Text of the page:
maligne

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English[edit]

Adjective[edit]

maligne (comparative more maligne, superlative most maligne)

  1. Obsolete spelling of malign.
    • 1543 January, The Chronicle of Jhon Hardyng in Metre, frõ the First Begynnyng of Englãde, vnto yͤ Reigne of Edwarde yͤ Fourth Where He Made an End of His Chronicle. [], London: [] Richardi Graftoni, folio L.xvi., verso:
      He was a kyng, full worthy and condigne / That let not, for his eaſe nor his laboure / To ſearche and ſee defautes, that were maligne / And theim correcte, he was a gouernoure / God ſet neuer kyng, to be a ryotoure / To trippe on tapettes, and lyue in ydelneſſe / But for to rule, with all kyndes of buſyneſſe
    • 1549 August 23, Henry Bullynger [i.e., Heinrich Bullinger], translated by [unknown], A Treatise or Sermon of Henry Bullynger, Much Fruitfull and Necessarye for This Tyme, Concernynge Magistrates and Obedience of Subiectes. [], London: [] [W. Powell?] for Gwalter Lynne []:
      As who ſhuld ſay for ſuch maner of perſõs as do maligne ⁊ diſquiet honeſt ⁊ quiet mẽ which wold faine liue in reſt ⁊ cannot.
    • 1613, William Browne, “The First Song”, in Britannia’s Pastorals. The First Booke, London: [] Iohn Haviland, published 1625, →OCLC, page 20:
      Quoth th'other, haue thy ſtarres maligne been ſuch, / That their predominations ſvvay ſo much / Ouer the reſt, that vvith a milde aſpect / The Liues and loues of Shepherds doe affect?

Verb[edit]

maligne (third-person singular simple present malignes, present participle maligning, simple past and past participle maligned)

  1. Obsolete spelling of malign.
    • 1548, [] [T]he Egloges of Alexander Barclay, Priest, Whereof the First Thre Conteineth the Miseries of Courters and Courtes, of All Princes in Generall. [], London: [] Humfrey Powell:
      For if that I ſpake it, in ſome audience, / Some men wolde maligne, and take it for offence.
    • 1590, Edmund Spenser, “Book III, Canto IIII”, in The Faerie Queene. [], London: [] [John Wolfe] for William Ponsonbie, →OCLC, page 455:
      But if the heauens did his dayes enuie, / And my ſhort blis maligne, yet mote they well / Thus much afford me, ere that he did die / That the dim eies of my deare Marinell / I mote haue cloſed, and him bed farewell, / Sith other offices for mother meet / They would not graunt.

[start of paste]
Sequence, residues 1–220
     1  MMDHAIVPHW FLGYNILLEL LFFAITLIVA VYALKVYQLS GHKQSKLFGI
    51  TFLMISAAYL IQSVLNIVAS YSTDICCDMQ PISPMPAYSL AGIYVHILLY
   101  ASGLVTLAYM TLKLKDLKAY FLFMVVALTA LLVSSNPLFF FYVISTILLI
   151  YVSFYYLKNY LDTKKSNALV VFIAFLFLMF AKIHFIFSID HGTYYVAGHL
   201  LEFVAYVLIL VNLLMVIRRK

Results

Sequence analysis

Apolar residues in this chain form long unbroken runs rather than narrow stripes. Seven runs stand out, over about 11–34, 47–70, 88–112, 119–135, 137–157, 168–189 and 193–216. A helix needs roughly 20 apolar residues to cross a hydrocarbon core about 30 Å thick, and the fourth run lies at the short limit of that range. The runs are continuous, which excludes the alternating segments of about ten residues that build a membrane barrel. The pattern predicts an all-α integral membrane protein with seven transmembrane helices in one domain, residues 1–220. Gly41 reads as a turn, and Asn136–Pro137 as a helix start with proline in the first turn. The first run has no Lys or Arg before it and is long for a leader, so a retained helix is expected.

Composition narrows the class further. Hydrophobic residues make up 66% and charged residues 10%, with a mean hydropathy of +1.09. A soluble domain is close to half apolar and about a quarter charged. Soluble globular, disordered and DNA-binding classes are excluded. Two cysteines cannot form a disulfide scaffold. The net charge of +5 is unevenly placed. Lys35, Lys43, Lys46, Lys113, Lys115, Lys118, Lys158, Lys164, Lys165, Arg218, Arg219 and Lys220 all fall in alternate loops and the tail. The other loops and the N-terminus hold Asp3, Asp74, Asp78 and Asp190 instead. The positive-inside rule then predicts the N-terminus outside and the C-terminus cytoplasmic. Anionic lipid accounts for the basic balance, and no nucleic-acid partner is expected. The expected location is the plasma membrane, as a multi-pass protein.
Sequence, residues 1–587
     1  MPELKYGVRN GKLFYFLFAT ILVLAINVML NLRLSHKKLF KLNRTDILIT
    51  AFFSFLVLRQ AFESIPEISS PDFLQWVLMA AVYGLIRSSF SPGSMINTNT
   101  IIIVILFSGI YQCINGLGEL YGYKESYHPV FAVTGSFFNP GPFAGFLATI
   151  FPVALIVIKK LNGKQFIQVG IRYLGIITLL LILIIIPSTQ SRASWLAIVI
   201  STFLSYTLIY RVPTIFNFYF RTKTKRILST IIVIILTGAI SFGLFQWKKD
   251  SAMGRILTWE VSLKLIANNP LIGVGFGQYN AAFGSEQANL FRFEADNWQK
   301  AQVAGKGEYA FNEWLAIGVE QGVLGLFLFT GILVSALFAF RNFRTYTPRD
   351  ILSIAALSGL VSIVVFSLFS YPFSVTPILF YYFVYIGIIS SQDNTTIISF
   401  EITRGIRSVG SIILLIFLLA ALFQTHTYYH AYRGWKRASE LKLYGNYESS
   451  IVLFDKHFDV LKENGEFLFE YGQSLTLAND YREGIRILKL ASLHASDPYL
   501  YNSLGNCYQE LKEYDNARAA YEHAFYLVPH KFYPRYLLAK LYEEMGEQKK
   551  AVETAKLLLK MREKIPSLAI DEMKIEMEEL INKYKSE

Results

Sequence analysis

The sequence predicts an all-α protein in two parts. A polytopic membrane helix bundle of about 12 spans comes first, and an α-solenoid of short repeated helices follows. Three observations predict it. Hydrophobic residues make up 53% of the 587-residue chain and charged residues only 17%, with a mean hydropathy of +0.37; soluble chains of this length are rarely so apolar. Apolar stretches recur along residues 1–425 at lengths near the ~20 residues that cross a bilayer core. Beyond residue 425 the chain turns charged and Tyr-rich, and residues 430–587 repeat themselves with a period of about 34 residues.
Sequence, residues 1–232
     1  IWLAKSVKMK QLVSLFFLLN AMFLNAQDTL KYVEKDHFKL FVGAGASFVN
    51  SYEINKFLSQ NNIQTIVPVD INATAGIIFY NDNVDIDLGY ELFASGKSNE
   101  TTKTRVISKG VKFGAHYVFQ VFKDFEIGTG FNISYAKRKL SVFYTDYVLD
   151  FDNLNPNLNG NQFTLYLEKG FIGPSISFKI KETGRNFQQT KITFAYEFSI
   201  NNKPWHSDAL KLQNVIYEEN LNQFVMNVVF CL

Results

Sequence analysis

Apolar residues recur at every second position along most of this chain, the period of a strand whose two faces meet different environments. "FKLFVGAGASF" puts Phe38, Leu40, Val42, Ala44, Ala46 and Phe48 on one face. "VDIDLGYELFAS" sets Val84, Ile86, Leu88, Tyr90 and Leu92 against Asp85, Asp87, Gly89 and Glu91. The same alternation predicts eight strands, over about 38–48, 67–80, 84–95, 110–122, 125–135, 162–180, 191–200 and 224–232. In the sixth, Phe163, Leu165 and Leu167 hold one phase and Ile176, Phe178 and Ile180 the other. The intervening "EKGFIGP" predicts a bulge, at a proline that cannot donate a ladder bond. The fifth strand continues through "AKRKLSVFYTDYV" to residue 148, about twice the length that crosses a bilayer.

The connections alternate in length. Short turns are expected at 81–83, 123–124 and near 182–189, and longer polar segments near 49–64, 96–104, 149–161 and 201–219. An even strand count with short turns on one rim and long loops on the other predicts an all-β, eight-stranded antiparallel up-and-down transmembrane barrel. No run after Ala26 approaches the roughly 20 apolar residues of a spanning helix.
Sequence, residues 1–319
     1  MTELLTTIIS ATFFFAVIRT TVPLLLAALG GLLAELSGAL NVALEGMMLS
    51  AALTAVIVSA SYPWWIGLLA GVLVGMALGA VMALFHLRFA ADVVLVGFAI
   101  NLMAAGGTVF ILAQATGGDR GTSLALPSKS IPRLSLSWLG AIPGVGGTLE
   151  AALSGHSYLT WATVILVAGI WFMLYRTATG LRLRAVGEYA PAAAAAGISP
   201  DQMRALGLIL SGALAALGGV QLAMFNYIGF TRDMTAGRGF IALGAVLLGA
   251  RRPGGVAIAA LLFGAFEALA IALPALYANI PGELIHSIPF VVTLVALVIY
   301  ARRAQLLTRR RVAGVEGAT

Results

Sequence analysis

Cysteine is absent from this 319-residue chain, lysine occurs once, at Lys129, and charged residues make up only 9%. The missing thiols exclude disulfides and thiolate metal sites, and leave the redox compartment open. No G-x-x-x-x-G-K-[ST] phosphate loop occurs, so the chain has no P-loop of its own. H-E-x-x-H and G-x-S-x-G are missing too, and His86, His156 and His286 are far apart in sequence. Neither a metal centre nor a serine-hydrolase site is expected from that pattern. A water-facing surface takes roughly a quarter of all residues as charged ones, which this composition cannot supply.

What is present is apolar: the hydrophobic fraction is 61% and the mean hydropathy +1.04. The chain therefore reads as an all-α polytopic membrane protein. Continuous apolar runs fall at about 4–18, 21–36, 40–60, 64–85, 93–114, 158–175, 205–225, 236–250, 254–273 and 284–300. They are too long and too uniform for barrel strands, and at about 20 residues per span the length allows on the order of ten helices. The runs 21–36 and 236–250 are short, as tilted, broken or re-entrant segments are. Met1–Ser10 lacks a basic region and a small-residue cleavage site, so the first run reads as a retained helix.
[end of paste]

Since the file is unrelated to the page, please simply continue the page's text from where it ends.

• 1607, William [Barlow], A Brand, Titio Erepta. [], London: [] Iohn Windet for Mathew Law:
      Now Indignation is a fire, ſaith the Prophet, it will vexe the partie whom it malignes, as fire vexeth the rawe fleſh in the roſting or boyling. Si aut fiſcellam iunco texerem, aut palmarũ folia complicarem, aut ſudore vultus panem comederem; were I a Basket-maker, or a garland winder, or of any baſe trade that ſhould make mee ſweat for the bread I eate, ſaith S. Hierom, Nemo me morderet, nemo inuideret, No man would maligne me, no man would traduce me; but now, that I giue my ſelfe to the ſtudie and interpretation of the Scriptures, I am a Diuine, a Writer, a Preacher, Me obeleſcis notant, I am ſcortcht coleblack with their obliſques, & obloquies.

Catalan[edit]

Etymology[edit]

Borrowed from Latin malignus.

Pronunciation[edit]

Adjective[edit]

maligne (feminine maligna, masculine and feminine plural malignes)

  1. malignant
    Antonym: benigne

Further reading[edit]

Dutch[edit]

Pronunciation[edit]

  • (file)

Adjective[edit]

maligne (not comparable)

  1. (medicine) malignant
    Synonym: kwaadaardig
    Antonym: benigne

Inflection[edit]

Inflection of maligne
uninflected maligne
inflected maligne
comparative
positive
predicative/adverbial maligne
indefinite m./f. sing. maligne
n. sing. maligne
plural maligne
definite maligne
partitive malignes

French[edit]

Pronunciation[edit]

Adjective[edit]

maligne

  1. feminine singular of malin

Interlingua[edit]

Adjective[edit]

maligne (comparative plus maligne, superlative le plus maligne)

  1. malign

Italian[edit]

Pronunciation[edit]

  • IPA(key): /maˈliɲ.ɲe/
  • Rhymes: -iɲɲe
  • Hyphenation: ma‧lì‧gne

Adjective[edit]

maligne

  1. feminine plural of maligno

Anagrams[edit]

Latin[edit]

Pronunciation[edit]

Adjective[edit]

maligne

  1. vocative masculine singular of malignus

References[edit]

  • maligne”, in Charlton T. Lewis and Charles Short (1879) A Latin Dictionary, Oxford: Clarendon Press
  • maligne”, in Charlton T. Lewis (1891) An Elementary Latin Dictionary, New York: Harper & Brothers
  • maligne in Gaffiot, Félix (1934) Dictionnaire illustré latin-français, Hachette

Middle English[edit]

Etymology 1[edit]

Borrowed from Old French maligne, from Latin malignus.

Alternative forms[edit]

Pronunciation[edit]

  • IPA(key): /maˈliːn(ə)/, /maˈli(n)ɡn(ə)/

Adjective[edit]

maligne

  1. evil, malicious, malign
  2. (pathology, astrology) harmful
Related terms[edit]
Descendants[edit]
  • English: malign
  • Scots: maling (obsolete)
References[edit]

Etymology 2[edit]

Verb[edit]

maligne

  1. Alternative form of malignen

Norwegian Bokmål[edit]

Adjective[edit]

maligne

  1. definite singular/plural of malign

Norwegian Nynorsk[edit]

Adjective[edit]

maligne

  1. definite singular/plural of malign